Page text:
7.      Eggplant parmesan – Make traditional eggplant parmesan with slices of fried eggplant, layered with slices on mozzarella, marinara sauce and sprinkled diced boiled eggs. Top the final layer with sauce and bake in a 35oF oven for 30 minutes.
8.     Use in salads – Adding protein to any salad makes it a more wholesome meal. Add sliced or halves boiled eggs to potato salad, spinach salad or a smoked salmon salad.
9.     Meat balls and patties – Sounds strange but mashed up boiled eggs do magic to your meat. It makes it soft, retains the moisture and adds more flavor. For meatballs, combine ground beef, onions, parsley, eggs, bread crumbs, fresh garlic cloves, paprika and salt. Grind all the ingredients in a food processor till chunky but not mushy. Shape into balls and pan fry with olive oil till completely cooked.
10. Nicoise salad – The French version of the American Cobb salad, the Nicoise salad makes a complete and healthy meal. Use light vinaigrette and honey mustard dressings for the veggies before plating them. Place canned tuna meat, cooked whole green beans, and boiled potatoes on a plate lined with lettuce leaves. Decorate with olives, cut tomatoes, slices red onions and quartered boiled eggs.

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Not your everyday chicken curry

Chicken curry is a popular dish in India, served at every household and restaurant. The preparation however varies from region to region. The Karwar version of the chicken curry includes coconut and a concoction of spices. These are not your typical out of the box seasoning and a visit to an ethnic grocery store would be required. However, you can prepared the spice mixture ahead of time and store it in an air tight container in the freezer for a long time. 

Preparing the marinade:

1 cup fresh cilantro leaves

5 to 6 whole green chilies

2 teaspoon minced garlic

1 teaspoon minced ginger

1/2 teaspoon turmeric powder

Pinch of salt

 Blend all the ingredients in a blender. Add 2 tablespoon water to make a thick paste.

Marinating the chicken:

2 tablespoon plain yogurt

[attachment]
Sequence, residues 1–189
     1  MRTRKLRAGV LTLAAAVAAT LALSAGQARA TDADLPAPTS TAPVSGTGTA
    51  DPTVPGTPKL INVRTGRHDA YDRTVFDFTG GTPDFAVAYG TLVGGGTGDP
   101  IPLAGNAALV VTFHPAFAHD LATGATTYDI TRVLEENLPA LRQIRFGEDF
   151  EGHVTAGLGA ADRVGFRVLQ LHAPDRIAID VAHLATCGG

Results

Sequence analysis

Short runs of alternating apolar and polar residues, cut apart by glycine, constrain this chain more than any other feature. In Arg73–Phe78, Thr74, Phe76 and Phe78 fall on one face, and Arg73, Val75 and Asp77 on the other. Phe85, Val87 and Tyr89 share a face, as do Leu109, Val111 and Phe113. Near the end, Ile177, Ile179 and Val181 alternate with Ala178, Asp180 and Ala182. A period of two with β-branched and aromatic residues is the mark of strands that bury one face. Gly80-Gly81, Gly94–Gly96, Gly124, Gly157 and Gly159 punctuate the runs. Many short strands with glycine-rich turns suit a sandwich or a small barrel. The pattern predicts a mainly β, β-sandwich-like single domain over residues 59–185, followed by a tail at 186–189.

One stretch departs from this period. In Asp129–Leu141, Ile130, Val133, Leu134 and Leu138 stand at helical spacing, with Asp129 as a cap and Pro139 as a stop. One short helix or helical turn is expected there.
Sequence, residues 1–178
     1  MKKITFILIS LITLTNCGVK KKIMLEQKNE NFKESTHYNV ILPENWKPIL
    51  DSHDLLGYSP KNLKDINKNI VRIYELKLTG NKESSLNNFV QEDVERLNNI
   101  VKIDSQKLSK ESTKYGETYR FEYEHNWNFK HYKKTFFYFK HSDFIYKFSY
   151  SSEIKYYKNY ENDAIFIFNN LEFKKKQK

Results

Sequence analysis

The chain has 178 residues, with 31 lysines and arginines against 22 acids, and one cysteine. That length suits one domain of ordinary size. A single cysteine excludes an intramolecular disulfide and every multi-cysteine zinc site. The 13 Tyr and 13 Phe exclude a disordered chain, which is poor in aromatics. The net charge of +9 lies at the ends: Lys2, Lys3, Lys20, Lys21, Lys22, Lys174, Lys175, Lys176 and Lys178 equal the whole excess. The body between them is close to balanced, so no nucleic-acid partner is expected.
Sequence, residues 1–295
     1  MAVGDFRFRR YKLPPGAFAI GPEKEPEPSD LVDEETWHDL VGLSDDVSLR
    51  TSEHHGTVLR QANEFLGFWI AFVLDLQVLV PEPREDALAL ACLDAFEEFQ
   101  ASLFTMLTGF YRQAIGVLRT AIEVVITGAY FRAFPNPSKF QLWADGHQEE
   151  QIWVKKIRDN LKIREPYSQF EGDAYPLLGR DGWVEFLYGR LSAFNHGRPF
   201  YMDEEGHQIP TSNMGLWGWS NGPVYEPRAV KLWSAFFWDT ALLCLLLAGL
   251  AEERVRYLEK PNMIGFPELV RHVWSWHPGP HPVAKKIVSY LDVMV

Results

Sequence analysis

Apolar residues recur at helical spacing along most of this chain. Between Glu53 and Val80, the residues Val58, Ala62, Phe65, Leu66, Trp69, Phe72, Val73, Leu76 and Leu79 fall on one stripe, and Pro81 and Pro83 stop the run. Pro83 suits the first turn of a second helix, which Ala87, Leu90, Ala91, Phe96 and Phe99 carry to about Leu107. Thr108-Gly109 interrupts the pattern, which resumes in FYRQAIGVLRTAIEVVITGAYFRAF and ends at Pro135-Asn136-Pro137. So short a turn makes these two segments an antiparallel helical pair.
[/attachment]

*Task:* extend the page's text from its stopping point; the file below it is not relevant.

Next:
2 lbs chicken pieces (with bones)

Soak the chicken in yogurt and the marinade in a large bowl. Cover and refrigerate for at least 1 hour so the juices get absorbed.

Making your own dry spice mixture:

 12 whole cloves

3 whole cardamoms

12 peppercorns

6 red dried chilies

1 teaspoon cumin seeds

1 teaspoon poppy seeds

3 teaspoons coriander seeds

1 tablespoon anise seeds

 Place a wok or large fry pan on medium heat. Once hot, add all the spices and roast for 3-5 minutes, stirring frequently. The spices would release an aroma once roasted. Do not brown them. Let cool at room temperature. Then use a coffee or spice grinder to grind the spices into a powdery consistency. Store in air tight container until ready to use.

 Finishing the spice blend:

 3 medium onions, coarsely chopped

3 medium tomatoes, coarsely chopped

1 1/2 cups grated coconut (unsweetened)

2 tablespoon vegetable or canola oil

 In a large fry pan, heat the oil. Then fry the onions and coconut lightly. Let cool completely. Then blend with dry spice mixture until thick paste in formed. All steps till this point can be completed ahead of time.

 Cooking the chicken:

 1 small onion, finely chopped

3 tablespoon vegetable or canola oil

1 teaspoon salt

In a medium size pressure cooker, heat the oil on medium heat. Fry the finely chopped onion till brown in color. Add the marinated pieces of chicken and fry it for 3 minutes. Add the spice mixture and salt to it and fry for another 2 minutes. Add a cup of water and pressure cook for approx. 7 minutes on medium heat. If the whistle blows before 7 minutes take the pressure cooker off the flame.

Serve warm with steamed rice.

An undiscovered gem from southern India

Karwar is a small town on the western coast of India, just south of Goa. It was an ancient site of sea trade visited by the Arabs, Dutch, Portuguese, French and later the British.  Karwar is still known for its pristine beaches and a bustling seaport.